Today's post features four modern views of the coast from the Carter's collection of works on paper.
Arthur Wesley Dow (1857-1922), The Derelict, woodcut, 1916
Abraham Walkowitz (1878-1965), Coney Island, monotype, 1908
Henry J. Billings (1901-1985), Marine Elements, screen print, 1937
Ralston Crawford (1906-1978), Overseas Highway, lithograph, 1940, © Neelon Crawford
It's that time here in Fort Worth when, once again, the heat drives us indoors until sundown. It's that sense of relief from soaring temperatures and glaring sun that makes twilight my favorite time of day, especially during the summer.
Here are four interpretations of twilight in different media from the Carter's photography collection.
Michael H. Marvins (b.1941), Chisos Moonrise, ink jet print, 2008-2009, Gift of the artist, ©2008 Michael H. Marvins
Karl Struss (1886-1981), At the Window - Twlight, palladium print, 1921, ©1983 Amon Carter Museum of American Art
Edward Steichen (1879-1973), Road into the Valley -- Moonrise, hand-toned photogravure, 1906
Luther Smith (b.1950), Trinity River at Northside Drive, Fort Worth, Texas, December 1, 1987 from the series Trinity River, gelatin silver print, 1987, Gift of Dale A. Ellison, © 1987 Luther Smith
You may notice one of the Carter's 19th century paintings missing from the galleries - Charles Deas's Indian Group is now on view in the exhibition Charles Deas & 1840s America at the Denver Art Museum. It also shows up in the New York Times's coverage of the show: article here and slideshow here.
Charles Deas (1818-1867), Indian Group, oil on canvas, 1845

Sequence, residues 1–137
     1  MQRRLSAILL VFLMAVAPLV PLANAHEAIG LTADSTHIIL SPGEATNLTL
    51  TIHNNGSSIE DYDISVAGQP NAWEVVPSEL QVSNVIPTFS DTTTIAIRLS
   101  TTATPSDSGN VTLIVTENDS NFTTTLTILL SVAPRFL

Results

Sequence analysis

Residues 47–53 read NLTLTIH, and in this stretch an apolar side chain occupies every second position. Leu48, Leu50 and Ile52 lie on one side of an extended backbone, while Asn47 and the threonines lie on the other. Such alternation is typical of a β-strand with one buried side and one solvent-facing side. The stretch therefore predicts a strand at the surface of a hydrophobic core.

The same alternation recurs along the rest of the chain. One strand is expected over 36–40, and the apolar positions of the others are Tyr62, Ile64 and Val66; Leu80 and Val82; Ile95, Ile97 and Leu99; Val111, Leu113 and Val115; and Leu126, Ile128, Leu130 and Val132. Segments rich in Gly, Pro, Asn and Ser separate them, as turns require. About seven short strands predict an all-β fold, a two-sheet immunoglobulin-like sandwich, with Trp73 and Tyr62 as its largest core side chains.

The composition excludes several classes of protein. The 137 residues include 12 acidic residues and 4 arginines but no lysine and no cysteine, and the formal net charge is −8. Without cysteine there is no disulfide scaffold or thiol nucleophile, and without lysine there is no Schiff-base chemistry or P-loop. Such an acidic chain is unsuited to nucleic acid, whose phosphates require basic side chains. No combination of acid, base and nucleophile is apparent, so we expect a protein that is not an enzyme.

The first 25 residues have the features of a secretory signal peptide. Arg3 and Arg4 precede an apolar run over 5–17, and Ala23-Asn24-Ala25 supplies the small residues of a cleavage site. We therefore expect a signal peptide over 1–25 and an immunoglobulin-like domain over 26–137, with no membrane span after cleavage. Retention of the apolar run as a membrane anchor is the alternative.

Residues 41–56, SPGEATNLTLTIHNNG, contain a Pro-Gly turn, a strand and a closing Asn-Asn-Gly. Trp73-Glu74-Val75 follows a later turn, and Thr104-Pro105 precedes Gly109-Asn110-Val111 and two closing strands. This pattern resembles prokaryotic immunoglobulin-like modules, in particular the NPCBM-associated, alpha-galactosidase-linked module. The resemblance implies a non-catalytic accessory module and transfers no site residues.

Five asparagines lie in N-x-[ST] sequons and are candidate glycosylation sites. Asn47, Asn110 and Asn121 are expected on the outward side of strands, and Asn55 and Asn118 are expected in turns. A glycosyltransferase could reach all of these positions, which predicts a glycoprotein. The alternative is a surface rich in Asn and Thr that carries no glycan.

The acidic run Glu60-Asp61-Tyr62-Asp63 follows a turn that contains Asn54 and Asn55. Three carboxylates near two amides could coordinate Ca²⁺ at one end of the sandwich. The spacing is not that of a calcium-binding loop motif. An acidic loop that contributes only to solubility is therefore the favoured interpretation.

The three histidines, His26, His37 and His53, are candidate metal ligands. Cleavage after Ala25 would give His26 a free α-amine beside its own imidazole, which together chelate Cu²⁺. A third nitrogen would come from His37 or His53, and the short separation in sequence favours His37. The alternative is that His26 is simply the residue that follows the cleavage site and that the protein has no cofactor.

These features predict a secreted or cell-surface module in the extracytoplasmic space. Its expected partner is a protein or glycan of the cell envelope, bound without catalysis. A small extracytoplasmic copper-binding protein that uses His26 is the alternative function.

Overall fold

Charles Deas & 1840s America will be on view in Denver through November 28.
Happy First-Day-of-School to all the students in the Fort Worth/Dallas area. I can smell the newly sharpened #2 pencils and clean notebook paper from here.
Laura Gilpin (1891-1979); Classroom at the Crystal School Navaho Teacher Ester Henderson; Sep. 1954; Gelatin silver print; ©Amon Carter Museum of American Art, 1979, Bequest of the artist.
Laura Gilpin (1891-1979); [Fountain Valley School - class]; ca. 1932; Gelatin silver print; ©Amon Carter Museum of American Art
Artist Unknown; [School Portrait]; ca. 1911; Gelatin silver print
The Romans coined this phrase for the period during the summer when the Sirius, the Dog Star, would be close to the sun and cause the hot weather. My dog just wants to lay around and drink water which is sage advice for all who have to be outdoors right now.
Jose Guadalupe Posada (1852-1913); [Crowd with large dog]; Relief print
A. Allen; Goldfield's Lightning Express in the Early Days, 1901-1906; Trichromatic halftone
Nell Dorr; [John Dorr holding stick while dog jumps at it]; 1925-1970s; Gelatin silver print; Gift of the Estate of Nell Dorr; ©Nell Dorr
For all you fans of the Double Rainbow internet meme. This watercolor from the Carter's works on paper collection proves that we were asking what does it mean even in the 1820s.
William Constable (1783-1861), The Great Falls of the Mohawk, watercolor and graphite on paper, ca. 1825-1830, Gift of Mr. J. A. Curran
With a new school year rapidly approaching, there are just a few days left this summer for that all-American vacation, the road trip.